The Right Film At the Wrong Time 

The Dark Knight Rises bloodstained by tragedy

When historians chronicle the events of July 20 in Aurora, Colo., they will no doubt shackle one of the worst singular moments of American violence with the premiere of The Dark Knight Rises. Therein lies another tragedy, for the film does not exploit violence but rather asks us to consider the insanity of evil incarnate.

And its protagonist, Bruce Wayne, is not a poster boy for vigilantism but a man blinded by anger in a quest for order. But in that journey, Wayne, played with great taste by Christian Bale, concludes that a terrorist is not to be marginalized but vanquished.

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The Dark Knight Rises is much more than a superhero movie. More opera than cinema, the film achieves greatness on many levels but has been, in a twisted bit of irony, linked to the events at the Colorado cineplex. It's a shame that the movie may never be accepted on its own merit.

Popular culture allows us--possibly even invites us--to accept fictional violence in stylized fashion. Violent acts in movies, television and virtual gaming specifically target young American men, many of whom have an unhealthy hunger to be noticed. Ham-fisted directors such as Quentin Tarantino and James Wan too often exploit that blood lust, numbing our senses to the real-life consequences of loss.

But to his credit, writer-director Christopher Nolan gives us a fully realized tragedy in The Dark Knight Rises, inviting a discerning audience to visit Gotham City, which appears all too lifelike: a shell of a city masked by a facade of prosperity while chaos simmers beneath its streetscape.

But violent reckoning does come to Nolan's Gotham, personified by Bane as a non-negotiable, scorched-earth terrorist. The villain, at first glance, may not seem as bone-chilling as the Joker from 2008's The Dark Knight, but he is menacing nonetheless thanks, in large part, to Nolan, a master artist who brings nuance to the eternal conceit of good vs. evil.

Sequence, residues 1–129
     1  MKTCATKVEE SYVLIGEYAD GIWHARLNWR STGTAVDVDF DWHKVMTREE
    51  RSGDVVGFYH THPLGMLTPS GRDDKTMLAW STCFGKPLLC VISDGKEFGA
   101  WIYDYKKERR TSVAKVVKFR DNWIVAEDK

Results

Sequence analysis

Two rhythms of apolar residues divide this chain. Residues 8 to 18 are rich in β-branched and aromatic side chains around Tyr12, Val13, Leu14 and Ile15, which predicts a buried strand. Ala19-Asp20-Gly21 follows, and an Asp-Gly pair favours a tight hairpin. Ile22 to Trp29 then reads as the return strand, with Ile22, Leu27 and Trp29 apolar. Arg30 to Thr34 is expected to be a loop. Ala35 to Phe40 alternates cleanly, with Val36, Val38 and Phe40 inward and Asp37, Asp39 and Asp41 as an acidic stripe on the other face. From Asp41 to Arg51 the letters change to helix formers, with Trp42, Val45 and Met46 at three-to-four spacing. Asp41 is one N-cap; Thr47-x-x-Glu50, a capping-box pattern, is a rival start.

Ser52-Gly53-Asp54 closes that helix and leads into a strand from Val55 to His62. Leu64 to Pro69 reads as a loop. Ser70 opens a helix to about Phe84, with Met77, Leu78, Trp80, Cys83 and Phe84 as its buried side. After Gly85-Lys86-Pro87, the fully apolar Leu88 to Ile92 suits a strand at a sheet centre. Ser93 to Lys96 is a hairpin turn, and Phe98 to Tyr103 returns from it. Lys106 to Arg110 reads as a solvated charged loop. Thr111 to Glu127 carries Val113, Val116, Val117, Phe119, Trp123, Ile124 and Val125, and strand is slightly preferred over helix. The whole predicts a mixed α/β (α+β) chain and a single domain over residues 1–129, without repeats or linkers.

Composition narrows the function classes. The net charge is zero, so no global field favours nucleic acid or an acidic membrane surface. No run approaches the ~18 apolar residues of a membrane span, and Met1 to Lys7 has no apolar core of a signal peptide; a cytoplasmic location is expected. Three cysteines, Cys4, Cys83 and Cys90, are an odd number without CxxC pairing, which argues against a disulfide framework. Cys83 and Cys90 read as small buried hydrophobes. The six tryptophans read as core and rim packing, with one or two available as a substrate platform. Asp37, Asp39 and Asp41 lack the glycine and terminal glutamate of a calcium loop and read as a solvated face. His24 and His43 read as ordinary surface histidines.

"Cruelty might be very human, and it might be cultural, but it's not acceptable," said Jodie Foster in 1989, when accepting the first of her two Academy Awards.

Her words haunted my thoughts as I watched the aftermath of the Aurora shooting at The Dark Knight Rises premiere. Foster's role as a child prostitute in 1976's Taxi Driver reportedly inspired John Hinckley Jr. to shoot President Ronald Reagan in 1981. Hinckley later confessed to an obsession with Foster and the lead character in Taxi Driver, who devolved into an assassin. Much later, Foster reminded us that our culture all too regularly showcases cruelty, and that what evil men do should be regarded with great care when dramatized by actors and directors.

Our cultural attention will soon shift to the London Olympic games, set to begin Friday, July 27. But we should also take note that just beyond the spectacle, British Army troops will be poised atop London's buildings in full body armor, presumably to keep evil at bay.

The facade lives.

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